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Re: Brett's Report on the Senate Hearing 5th Sept 2017

Post by nakedadmin » Wed Sep 06, 2017 4:04 pm

I guess you noticed the bit where Dickson was unable to say that it was a preexisting contractual agreement that obligated them to pay out Malley $4.9m. It's not credible to think that he would not know. So why could he not simply say it was a preexisting contractual agreement. Perhaps there was not preexisting contractual agreement and it was an agreed gift/payout.

I agree that we will know quite easily from reading the IRP report if it is a whitewash.
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Re: Brett's Report on the Senate Hearing 5th Sept 2017

Post by Eric Nacpa » Wed Sep 06, 2017 4:58 pm

in its full glory ... e=parlview

Witnesses can only ask to provide answers in confidence, but not deny to provide them. This is contempt of Parliament.

Not answering the question about the terms of employment contract display either contempt or incompetence.
I doubt the IRP are privy to the terms of the financial settlement as its confidential to the Board.

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Re: Brett's Report on the Senate Hearing 5th Sept 2017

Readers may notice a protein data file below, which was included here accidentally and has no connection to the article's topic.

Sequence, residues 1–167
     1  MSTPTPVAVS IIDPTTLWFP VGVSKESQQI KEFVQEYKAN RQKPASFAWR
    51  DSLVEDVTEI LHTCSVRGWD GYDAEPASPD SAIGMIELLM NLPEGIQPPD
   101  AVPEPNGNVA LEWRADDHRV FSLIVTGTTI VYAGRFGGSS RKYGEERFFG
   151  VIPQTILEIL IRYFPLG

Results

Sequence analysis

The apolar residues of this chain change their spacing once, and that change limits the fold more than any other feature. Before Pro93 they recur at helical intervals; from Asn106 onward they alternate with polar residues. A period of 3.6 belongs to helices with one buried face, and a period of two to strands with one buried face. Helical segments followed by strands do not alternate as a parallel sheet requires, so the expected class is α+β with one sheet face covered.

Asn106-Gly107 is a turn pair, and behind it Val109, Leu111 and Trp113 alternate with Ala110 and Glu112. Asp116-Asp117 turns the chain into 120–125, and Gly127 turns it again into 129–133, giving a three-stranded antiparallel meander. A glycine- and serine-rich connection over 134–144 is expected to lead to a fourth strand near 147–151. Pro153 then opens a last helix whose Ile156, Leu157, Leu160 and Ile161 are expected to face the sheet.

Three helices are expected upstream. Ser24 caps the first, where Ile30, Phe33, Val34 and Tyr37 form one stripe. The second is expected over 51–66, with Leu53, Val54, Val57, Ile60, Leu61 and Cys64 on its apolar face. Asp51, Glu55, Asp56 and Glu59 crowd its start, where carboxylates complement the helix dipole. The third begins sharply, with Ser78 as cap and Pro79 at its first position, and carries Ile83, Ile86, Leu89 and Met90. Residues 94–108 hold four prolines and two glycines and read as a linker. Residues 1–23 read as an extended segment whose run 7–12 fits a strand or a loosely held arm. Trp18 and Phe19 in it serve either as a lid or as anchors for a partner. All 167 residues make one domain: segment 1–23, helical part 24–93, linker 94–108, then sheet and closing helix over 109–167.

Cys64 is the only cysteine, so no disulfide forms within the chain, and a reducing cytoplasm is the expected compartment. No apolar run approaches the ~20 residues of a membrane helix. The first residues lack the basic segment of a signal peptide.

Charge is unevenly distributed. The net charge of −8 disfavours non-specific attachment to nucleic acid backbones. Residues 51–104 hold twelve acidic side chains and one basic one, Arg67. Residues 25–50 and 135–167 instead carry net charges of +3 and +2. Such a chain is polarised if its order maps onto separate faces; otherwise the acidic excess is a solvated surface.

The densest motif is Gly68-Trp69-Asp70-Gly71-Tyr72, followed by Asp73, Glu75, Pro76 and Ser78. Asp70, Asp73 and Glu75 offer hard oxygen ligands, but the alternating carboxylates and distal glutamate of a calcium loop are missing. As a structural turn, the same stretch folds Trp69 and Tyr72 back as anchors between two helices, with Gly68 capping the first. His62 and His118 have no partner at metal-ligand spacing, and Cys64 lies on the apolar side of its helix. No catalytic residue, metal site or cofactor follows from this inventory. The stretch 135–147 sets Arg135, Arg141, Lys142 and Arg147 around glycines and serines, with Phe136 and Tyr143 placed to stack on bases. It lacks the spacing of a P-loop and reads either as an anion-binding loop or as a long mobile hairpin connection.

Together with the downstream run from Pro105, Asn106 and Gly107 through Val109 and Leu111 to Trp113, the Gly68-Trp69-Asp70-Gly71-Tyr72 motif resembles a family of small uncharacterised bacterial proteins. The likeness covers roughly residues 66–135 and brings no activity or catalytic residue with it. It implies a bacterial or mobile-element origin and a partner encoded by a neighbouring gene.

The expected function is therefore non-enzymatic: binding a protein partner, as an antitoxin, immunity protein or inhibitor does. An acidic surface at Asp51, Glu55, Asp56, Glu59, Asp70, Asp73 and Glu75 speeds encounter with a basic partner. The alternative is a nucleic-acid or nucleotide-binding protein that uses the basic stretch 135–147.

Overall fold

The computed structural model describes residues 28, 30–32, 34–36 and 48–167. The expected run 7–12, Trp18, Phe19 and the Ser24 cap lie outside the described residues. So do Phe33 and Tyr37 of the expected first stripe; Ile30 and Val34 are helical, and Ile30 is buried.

Post by Brett Stevenson » Wed Sep 06, 2017 5:53 pm

Yes, Dicksons answer to the termination payout was interesting for the delay and unwillingness at the start to say it was contractual. I think he eventually did say it was but I agree it was worth noting.
My automatic thought was that needs to be investigated much more closely.
They are not allowed to lie to the Senate Hearing so it will be good to see exactly what he specifically said on that one.

Did you just love the reason why Andre Rieu was chosen was because he did go bankrupt and the lessons in how he picked himself up from that. I reckon Graeme Wade is starting to believe some of the stuff and sales talk he feeds us.

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Re: Brett's Report on the Senate Hearing 5th Sept 2017

Post by JWheldon » Wed Sep 06, 2017 11:11 pm